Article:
Harlem’s Jessie Sampter, Educator, A Poet, And A Zionist Pioneer

April 5, 2016

Jessie Sampter1Jessie Sampter was an influential Zionist educator, a poet, and a Zionist pioneer influenced by Hadassah founder Henrietta Szold, Josephine Lazarus, Mary Antin,Mordecai Kaplan, Unitarian minister Rev. Merle St. Croix Wright and others to become an ardent advocate of Judaism and Zionism born March 22, 1883 in Harlem, New York.

Sampter was born March 22, 1883 in New York City to Rudolph Sampter, an influential New York attorney, and Virginia Kohlberg Sampter, who maintained a highly assimilated Jewish home. She had one sister, Elvie. At the age of thirteen she was crippled by polio, which prevented her from leaving the home. Unable to attend school, her family hired tutors. Later she audited courses at Columbia University.

In her twenties, she joined the Unitarian Church, and began writing poetry. Her poems and short stories emphasized her primary concerns: pacifism, Zionism, and social justice. Around this time, she began spending time in the home of Szold and began to appreciate the Eastern European Jews of New York City. She moved from Harlem into a settlement house on the Lower East Side, then to a Young Women’s Hebrew Association.

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Assuming the role of Hadassah’s leading educator, she produced manuals and textbooks and organized lectures and classes. She led Hadassah’s School of Zionism, training speakers and leaders for both Hadassah and other Zionist organizations like the Federation of American Zionists, then the Zionist Organization of America. She composed educational manuals with Alice Seligsberg and edited a textbook on Zionism.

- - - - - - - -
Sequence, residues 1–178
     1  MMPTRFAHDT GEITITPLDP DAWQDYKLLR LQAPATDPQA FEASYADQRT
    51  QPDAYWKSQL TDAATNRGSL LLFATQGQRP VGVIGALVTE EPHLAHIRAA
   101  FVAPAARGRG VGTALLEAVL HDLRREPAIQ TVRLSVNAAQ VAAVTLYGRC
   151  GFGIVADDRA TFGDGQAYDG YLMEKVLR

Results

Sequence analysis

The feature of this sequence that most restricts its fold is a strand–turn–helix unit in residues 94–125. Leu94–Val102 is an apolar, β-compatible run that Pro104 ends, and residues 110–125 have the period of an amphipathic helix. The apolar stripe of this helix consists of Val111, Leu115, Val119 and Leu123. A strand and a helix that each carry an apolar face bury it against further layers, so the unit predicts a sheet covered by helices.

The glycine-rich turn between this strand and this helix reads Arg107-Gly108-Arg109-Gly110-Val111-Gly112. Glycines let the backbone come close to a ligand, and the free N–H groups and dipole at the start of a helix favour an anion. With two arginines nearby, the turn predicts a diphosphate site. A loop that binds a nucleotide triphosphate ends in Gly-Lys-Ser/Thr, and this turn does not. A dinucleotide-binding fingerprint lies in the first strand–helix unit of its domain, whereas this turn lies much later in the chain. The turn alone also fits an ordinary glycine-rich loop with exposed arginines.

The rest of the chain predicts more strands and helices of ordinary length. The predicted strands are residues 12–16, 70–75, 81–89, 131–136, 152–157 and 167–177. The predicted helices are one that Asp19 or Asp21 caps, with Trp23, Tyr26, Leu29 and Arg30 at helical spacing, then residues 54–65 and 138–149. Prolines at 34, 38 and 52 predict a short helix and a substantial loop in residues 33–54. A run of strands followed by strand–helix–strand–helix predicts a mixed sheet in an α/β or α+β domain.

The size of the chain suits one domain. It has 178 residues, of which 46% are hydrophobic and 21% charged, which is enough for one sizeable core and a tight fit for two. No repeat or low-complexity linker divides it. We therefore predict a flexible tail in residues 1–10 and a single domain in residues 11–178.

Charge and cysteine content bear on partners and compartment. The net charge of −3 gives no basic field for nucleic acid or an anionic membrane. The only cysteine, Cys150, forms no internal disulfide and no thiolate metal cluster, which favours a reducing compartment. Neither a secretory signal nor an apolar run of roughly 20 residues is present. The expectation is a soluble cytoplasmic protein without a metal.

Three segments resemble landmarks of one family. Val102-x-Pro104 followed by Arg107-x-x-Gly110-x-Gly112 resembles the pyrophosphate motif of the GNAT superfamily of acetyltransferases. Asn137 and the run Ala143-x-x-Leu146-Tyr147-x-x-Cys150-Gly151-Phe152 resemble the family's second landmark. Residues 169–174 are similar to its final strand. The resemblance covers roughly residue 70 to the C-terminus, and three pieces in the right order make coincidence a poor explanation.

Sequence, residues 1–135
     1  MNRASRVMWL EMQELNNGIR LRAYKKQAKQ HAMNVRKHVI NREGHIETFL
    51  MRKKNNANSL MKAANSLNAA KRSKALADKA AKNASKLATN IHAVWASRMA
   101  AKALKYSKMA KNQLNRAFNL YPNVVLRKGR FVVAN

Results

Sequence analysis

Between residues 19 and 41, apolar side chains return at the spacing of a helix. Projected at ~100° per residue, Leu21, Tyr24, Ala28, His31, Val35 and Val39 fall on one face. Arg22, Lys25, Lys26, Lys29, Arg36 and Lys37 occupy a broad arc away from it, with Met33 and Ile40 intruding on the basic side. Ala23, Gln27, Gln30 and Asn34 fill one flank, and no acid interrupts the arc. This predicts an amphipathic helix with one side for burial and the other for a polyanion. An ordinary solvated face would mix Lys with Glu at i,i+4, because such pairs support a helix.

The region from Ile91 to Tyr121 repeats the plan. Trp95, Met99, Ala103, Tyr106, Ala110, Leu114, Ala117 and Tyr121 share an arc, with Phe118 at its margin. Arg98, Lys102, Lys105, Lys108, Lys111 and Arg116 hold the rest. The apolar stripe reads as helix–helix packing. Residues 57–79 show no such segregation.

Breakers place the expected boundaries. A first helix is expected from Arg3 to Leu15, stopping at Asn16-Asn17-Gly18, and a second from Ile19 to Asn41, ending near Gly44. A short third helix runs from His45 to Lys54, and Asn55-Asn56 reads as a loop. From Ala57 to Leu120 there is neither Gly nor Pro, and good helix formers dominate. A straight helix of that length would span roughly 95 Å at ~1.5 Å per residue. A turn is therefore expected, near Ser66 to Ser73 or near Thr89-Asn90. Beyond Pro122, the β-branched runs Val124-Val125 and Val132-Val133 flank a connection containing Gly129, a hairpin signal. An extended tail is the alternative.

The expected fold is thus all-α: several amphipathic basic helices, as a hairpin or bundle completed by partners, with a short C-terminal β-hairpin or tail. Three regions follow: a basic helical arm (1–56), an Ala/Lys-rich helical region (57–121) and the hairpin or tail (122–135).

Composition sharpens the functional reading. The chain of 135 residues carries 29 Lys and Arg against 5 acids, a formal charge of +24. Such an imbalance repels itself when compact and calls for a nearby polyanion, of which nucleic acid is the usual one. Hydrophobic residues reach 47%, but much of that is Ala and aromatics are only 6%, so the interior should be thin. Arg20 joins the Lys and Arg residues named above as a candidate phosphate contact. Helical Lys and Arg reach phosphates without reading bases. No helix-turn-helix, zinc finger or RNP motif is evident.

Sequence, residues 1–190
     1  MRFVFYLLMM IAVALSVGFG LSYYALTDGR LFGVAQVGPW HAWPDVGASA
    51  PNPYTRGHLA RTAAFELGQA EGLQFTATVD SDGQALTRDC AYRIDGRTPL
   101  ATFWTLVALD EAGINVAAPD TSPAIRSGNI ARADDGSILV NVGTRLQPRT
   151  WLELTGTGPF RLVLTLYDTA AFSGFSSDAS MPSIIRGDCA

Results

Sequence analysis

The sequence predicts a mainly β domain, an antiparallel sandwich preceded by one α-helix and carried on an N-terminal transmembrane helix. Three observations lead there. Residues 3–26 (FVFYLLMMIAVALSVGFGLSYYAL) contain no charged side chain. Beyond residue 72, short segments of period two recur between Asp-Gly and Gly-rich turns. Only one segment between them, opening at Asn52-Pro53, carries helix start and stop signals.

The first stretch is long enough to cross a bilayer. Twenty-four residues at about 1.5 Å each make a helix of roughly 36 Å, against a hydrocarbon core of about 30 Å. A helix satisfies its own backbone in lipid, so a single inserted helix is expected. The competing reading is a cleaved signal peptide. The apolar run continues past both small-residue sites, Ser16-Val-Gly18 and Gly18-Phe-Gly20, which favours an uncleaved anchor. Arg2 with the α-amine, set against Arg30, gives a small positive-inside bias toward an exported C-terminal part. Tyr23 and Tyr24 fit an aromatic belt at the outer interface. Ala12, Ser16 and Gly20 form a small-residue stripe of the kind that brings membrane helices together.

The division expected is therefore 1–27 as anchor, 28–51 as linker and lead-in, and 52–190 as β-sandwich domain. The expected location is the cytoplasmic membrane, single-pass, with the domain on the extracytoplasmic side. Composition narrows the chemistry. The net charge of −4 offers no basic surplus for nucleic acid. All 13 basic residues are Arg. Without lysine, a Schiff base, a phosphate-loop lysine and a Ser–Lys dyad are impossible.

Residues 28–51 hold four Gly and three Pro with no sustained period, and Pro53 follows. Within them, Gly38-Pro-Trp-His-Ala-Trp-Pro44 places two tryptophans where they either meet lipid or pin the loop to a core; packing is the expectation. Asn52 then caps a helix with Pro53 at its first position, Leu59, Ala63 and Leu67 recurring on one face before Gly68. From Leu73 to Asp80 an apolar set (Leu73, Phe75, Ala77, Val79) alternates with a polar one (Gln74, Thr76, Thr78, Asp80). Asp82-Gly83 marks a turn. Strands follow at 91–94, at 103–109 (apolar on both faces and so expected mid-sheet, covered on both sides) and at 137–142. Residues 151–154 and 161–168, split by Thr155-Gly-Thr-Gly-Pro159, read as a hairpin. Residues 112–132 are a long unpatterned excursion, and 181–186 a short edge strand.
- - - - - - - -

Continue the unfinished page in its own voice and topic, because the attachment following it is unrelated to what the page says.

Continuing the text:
She settled in Palestine in 1919 where she helped organize the country’s first Jewish Scout camp. Sampter developed a strong commitment to assisting Yemenite Jews, founding classes and clubs especially for Yemenite girls and women who often received no education. She adopted a Yemenite foundling and raised her with progressive education.

Sampter died at Beilinson Hospital at 10:00 am on November 25, 1938 of malaria and heart disease. At the time of her death, she had established a vegetarian convalescent home at Kibbutz Givat Brenner. Szold presided at her funeral.

Sampter is one of several popular ‘philosophers’ whose quotations appear on the roadsigns of Project HIMANK in the Ladakh region of northern India.

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